Users can select and install third-party applications like Slack, HubSpot, Trello, and more.
How Zoom makes money
Zoom makes the majority of its earnings from subscription fees charged to B2B customers. They operate on a "freemium" model, meaning users have access to basic features for free and can pay additional subscription fees for different features within the product itself.
The company's standard freemium model allows users to hold group meetings with up to 100 attendants, with sessions lasting up to 40 minutes.
Their customer list includes a who's who of the world's top companies, adding to its reputation as the market leader in remote-based communication solutions for business.
Zoom earns most of its money by charging for premium plans for its service.
Zoom Meetings & Chats
The Chat and Zoom meetings product it's the company's flagship offering. Users can cast a video call or jump onto a chat with colleagues or friends with this subscription.
The freemium version limits sessions to 40 minutes, while the premium version allows for unlimited session lengths. Businesses can pay for a monthly or annual subscription with a tiered pricing plan for small teams, small to medium companies, and large enterprises.
Zoom Rooms & Workspaces
This product provides users with virtual conferencing systems allowing companies to run video-call meetings and conferences. Customers can purchase the hardware through Zoom or choose to run through existing Cisco or Polycom systems.
B2B customers pay Zoom a subscription fee for using the service, with monthly or discounted annual plans.
This Zoom product offers users cloud-based calling solutions for companies that don't come with any phone bills. Users have the option for audio or video chat, and they pay a monthly subscription fee for calls within US and Canada with add-ons for global service.
Zoom Video Webinars
Zoom's Video Webinar package is for organizations that want to run web-broadcasting conferences and large events online. Users get up to 10,000-view-only attendees per event with a single license, with customized pricing for up to 50,000 attendees. Zoom also requires the user to purchase a webinar license, and it offers special packages to organizations in the fitness, education, healthcare, and financial industries.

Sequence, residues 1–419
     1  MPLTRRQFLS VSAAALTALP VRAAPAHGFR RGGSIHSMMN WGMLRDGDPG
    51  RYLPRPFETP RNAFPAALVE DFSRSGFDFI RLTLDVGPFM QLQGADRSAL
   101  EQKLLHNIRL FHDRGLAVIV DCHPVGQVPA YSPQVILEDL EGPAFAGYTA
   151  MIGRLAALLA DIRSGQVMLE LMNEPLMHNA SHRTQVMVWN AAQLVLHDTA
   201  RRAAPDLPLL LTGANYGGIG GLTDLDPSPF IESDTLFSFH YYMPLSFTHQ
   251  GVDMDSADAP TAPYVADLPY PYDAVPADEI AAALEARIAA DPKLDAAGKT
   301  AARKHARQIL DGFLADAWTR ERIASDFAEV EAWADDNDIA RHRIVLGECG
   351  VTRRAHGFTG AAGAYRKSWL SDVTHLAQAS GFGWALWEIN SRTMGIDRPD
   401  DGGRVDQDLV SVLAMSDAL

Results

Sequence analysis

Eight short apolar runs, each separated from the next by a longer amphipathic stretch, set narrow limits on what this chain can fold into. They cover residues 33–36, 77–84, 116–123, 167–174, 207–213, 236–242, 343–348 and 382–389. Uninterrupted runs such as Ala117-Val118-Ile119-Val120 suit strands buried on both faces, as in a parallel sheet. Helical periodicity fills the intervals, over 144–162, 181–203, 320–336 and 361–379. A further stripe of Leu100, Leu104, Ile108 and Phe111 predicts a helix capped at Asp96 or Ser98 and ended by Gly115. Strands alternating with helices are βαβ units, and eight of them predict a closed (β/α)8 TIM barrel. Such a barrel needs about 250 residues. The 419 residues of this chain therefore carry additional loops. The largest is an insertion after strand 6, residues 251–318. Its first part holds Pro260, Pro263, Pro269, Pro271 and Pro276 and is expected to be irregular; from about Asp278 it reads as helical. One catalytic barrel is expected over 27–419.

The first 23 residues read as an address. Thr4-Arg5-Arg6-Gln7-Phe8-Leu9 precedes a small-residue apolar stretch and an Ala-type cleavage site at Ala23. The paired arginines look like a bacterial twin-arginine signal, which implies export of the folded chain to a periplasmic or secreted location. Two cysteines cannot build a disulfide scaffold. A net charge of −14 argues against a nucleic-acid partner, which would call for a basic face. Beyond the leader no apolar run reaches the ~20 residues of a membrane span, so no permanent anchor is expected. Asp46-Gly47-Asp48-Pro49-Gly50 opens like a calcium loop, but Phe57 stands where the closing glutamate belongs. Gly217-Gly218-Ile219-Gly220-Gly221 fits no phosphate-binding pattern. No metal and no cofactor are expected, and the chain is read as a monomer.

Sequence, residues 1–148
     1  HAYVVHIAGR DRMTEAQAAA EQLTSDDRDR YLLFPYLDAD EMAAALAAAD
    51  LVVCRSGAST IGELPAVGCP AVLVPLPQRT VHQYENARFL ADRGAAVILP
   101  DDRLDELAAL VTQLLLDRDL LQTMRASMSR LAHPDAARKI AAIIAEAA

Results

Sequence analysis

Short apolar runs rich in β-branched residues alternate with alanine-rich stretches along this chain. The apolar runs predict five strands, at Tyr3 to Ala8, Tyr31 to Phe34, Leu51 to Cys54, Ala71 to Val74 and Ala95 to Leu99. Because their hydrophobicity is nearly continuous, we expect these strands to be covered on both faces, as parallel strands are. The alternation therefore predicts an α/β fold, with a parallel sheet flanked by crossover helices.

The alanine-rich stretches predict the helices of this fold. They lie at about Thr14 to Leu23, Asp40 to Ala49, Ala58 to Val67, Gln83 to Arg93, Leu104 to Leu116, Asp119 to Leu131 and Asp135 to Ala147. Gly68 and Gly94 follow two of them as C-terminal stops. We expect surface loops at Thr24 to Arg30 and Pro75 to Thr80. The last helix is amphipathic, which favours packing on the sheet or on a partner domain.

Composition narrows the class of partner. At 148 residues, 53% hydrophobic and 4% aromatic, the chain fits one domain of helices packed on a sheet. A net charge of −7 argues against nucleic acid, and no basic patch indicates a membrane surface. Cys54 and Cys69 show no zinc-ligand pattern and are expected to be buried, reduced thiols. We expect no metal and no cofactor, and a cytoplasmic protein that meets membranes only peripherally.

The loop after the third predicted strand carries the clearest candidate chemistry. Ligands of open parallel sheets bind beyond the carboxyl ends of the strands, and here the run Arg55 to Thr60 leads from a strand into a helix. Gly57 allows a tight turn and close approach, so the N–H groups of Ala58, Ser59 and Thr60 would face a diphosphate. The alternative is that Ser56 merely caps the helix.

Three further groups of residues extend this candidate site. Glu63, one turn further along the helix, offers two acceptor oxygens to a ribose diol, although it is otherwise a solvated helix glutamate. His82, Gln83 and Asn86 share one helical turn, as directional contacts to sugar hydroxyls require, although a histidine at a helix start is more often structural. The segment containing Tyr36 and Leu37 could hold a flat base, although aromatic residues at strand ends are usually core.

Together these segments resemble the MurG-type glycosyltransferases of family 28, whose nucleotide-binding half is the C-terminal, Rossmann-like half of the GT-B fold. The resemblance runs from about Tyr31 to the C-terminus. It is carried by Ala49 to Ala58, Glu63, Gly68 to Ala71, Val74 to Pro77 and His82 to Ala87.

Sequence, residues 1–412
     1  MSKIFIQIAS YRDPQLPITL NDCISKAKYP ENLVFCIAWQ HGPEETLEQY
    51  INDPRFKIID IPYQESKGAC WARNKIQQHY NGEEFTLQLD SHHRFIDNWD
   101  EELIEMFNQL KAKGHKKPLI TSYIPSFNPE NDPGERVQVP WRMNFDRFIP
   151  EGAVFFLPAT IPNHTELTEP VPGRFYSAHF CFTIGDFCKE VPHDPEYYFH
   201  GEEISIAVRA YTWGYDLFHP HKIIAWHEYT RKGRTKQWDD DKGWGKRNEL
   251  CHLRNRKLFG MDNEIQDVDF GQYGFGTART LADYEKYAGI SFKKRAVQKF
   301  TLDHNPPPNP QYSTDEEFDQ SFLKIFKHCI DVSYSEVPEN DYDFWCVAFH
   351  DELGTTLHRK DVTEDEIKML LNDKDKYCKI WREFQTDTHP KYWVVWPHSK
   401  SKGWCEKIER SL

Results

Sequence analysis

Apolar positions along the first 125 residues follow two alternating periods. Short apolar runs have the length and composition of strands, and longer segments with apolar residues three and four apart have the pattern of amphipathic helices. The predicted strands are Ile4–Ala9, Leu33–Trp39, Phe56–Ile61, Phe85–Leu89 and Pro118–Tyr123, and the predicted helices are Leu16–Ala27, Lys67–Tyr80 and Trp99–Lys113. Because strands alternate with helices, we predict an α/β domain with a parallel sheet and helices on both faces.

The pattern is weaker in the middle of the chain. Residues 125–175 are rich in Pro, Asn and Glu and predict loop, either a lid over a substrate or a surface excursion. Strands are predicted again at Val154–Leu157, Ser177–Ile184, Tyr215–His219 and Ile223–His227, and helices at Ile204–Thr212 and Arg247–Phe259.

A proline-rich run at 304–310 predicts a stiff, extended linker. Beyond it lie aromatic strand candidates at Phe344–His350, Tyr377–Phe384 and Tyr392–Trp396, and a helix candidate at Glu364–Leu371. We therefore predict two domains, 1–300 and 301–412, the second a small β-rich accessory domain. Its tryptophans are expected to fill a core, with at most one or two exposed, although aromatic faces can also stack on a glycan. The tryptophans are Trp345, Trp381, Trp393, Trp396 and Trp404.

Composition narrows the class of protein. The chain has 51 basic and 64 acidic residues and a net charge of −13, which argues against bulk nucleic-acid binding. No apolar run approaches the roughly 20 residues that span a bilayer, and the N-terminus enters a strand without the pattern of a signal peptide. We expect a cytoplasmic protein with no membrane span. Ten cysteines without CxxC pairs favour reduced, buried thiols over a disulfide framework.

Future growth engine
Zoom continues to stay ahead of the pack with aggressive marketing campaigns directed at organizations. The company plans to focus more on the B2B model rather than accumulating its private user base.
Since the money is in business subscriptions, it's easy to understand why Zoom wants to pursue this route. However, the company understands that it needs to continue to market and innovate to stay relevant. In addition, Zoom will have to address ongoing security concerns in the industry.
Zoom plans to continue its focus on the growing video conferencing market, expand its international customer base, and encourage adoption of its phone solution, a large avenue for growth.
Zoom is one of the leading tech solutions focusing on video streaming solutions for the B2C and B2B markets. However, the company faces tremendous pressure from other top tech firms offering similar phone and video conferencing solutions.
Zoom's top competitors include large established players like Google, Cisco, Adobe, and Microsoft as well as smaller companies such as LogMeIn, TeamViewer, BlueJeans by Verizon, and 247meeting.